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Huntington closing lobster trap storage program

The town has kept the traps at the East Northport landfill since 1999.

Huntington Town is ending its lobster trap storage

Huntington Town is ending its lobster trap storage program at the East Northport landfill, seen here on May 11. Photo Credit: Barry Sloan

Huntington is closing its lobster trap storage program, nearly two decades after the local lobster population die-off in the Long Island Sound.

The town board voted unanimously at its May 1 meeting to end the storage program, which has kept the traps at the East Northport landfill on Town Line Road since 1999.

The landfill was originally chosen because it “was the only Town property determined to be suitable for the storage of lobster traps that would not interfere with the use of such property,” according to a resolution ending the storage program.

Now about a thousand traps are languishing at the landfill, said town Councilman Mark Cuthbertson, who had drafted the original plan to store the traps.

“It’s getting in the way of the operations at the landfill,” Cuthbertson said. “The traps are overgrown by vegetation. The overwhelming majority haven’t been claimed — no one has come back for them.”

The traps are no longer usable and will be disposed of by the town, he said.

The East Northport landfill is closed and capped under the jurisdiction of the state Department of Environmental Conservation. Last November, the DEC updated its landfill regulations, which the town has interpreted to mean the lobster traps should no longer be stored at the site.

“The Town Board voted to allow storage of the lobster traps at the East Northport landfill in 1999, after a massive lobster die-off in the Long Island Sound significantly affected the lobster industry,” Town Supervisor Chad Lupinacci said in an emailed statement. “Only a handful of lobstermen still store their traps at the landfill but the traps are in the path of runoff water from the landfill, an inactive hazardous waste site, so the program is being discontinued to comply with changes in environmental law.”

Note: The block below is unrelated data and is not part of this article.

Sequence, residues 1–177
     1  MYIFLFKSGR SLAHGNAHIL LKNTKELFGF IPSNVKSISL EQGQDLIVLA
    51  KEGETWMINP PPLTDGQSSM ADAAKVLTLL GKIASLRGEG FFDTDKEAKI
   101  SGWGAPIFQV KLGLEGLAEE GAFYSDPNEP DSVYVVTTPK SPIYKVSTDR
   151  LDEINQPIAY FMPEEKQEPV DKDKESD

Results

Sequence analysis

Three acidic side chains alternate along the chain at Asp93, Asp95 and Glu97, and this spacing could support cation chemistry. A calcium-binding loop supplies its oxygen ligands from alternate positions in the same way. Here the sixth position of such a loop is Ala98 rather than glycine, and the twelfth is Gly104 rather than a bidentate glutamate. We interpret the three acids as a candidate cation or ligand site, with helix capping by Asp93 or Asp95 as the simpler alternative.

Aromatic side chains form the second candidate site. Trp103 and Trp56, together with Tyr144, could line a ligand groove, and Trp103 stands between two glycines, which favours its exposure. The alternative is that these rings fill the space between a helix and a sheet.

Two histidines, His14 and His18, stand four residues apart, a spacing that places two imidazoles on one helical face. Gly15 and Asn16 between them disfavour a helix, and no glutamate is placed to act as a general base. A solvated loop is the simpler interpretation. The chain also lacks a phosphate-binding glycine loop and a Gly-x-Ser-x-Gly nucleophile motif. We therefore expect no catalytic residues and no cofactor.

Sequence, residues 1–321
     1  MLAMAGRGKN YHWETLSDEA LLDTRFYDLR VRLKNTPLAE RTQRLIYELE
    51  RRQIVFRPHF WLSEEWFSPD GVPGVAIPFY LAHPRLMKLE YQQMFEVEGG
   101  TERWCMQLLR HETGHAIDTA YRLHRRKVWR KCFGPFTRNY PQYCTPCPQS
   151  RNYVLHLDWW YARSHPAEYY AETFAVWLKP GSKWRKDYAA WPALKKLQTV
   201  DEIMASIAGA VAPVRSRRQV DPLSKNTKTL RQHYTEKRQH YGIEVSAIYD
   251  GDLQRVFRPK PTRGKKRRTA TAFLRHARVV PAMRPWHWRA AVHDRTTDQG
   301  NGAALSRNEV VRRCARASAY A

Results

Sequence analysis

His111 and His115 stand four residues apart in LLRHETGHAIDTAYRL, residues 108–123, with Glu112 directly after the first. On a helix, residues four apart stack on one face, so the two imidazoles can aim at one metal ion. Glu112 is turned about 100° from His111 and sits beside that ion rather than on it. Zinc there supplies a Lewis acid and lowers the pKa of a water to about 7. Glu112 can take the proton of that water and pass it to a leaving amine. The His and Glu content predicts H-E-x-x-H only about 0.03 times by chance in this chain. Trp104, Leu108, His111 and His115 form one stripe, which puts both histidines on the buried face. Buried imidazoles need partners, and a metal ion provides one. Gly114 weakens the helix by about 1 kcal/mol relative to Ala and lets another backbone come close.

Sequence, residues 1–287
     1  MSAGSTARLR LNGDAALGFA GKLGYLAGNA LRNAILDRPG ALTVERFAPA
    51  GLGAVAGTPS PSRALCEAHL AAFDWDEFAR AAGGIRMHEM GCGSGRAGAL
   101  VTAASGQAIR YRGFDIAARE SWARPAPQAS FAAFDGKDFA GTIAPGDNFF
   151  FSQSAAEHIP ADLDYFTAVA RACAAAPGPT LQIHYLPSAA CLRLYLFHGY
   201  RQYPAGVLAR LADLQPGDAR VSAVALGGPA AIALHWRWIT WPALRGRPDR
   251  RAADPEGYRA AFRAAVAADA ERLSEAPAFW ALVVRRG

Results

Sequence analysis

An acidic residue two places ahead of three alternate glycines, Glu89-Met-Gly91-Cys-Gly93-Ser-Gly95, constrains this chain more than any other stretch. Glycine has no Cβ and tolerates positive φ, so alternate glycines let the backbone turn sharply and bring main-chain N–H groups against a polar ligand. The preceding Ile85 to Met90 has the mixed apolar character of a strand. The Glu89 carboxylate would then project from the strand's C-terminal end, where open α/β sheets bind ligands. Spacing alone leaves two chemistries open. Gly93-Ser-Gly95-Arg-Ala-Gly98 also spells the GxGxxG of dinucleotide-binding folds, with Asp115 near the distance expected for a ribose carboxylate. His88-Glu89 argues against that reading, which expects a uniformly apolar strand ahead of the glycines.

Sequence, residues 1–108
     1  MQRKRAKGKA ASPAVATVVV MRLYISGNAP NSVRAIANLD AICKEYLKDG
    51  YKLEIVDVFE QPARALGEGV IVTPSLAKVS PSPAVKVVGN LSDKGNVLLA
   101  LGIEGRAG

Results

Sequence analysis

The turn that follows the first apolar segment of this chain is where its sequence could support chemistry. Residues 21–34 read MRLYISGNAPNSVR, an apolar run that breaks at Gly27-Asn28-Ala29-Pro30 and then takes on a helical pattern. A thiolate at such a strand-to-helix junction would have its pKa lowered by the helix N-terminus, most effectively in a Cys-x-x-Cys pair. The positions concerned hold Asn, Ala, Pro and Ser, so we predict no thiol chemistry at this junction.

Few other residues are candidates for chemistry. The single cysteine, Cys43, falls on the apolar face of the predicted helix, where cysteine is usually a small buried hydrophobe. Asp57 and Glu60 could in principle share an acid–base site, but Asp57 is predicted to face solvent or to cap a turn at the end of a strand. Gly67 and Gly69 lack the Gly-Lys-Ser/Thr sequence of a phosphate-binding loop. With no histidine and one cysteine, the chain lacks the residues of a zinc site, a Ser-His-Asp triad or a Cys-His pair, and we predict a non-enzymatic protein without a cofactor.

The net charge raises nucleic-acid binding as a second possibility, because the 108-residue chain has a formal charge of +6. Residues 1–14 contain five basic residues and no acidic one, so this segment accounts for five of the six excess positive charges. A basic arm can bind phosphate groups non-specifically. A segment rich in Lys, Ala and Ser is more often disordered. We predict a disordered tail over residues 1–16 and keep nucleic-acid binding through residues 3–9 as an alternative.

The catastrophic 1999 die-off of the once-robust local lobster industry was attributed, in part, to warming waters in the Sound that drove the population north. That year, Cuthbertson drafted the plan for Huntington to offer free storage to lobstermen for their traps and boats at the closed landfill. At the time, there were about 105 commercial lobstermen in the town. Only seven people have used the storage program in the past two years, according to the town.

A DEC spokesman said the town may be interpreting the amended landfill regulations more rigidly than intended and the agency will work with Huntington officials to clarify the regulations.

Nonetheless, the local lobstering era has come to an end, Cuthbertson said.

“It is a sad thing, the last gasp of it all,” he said. “If they [lobsters] were coming back, people would be reclaiming their traps and throwing them back in the water.”

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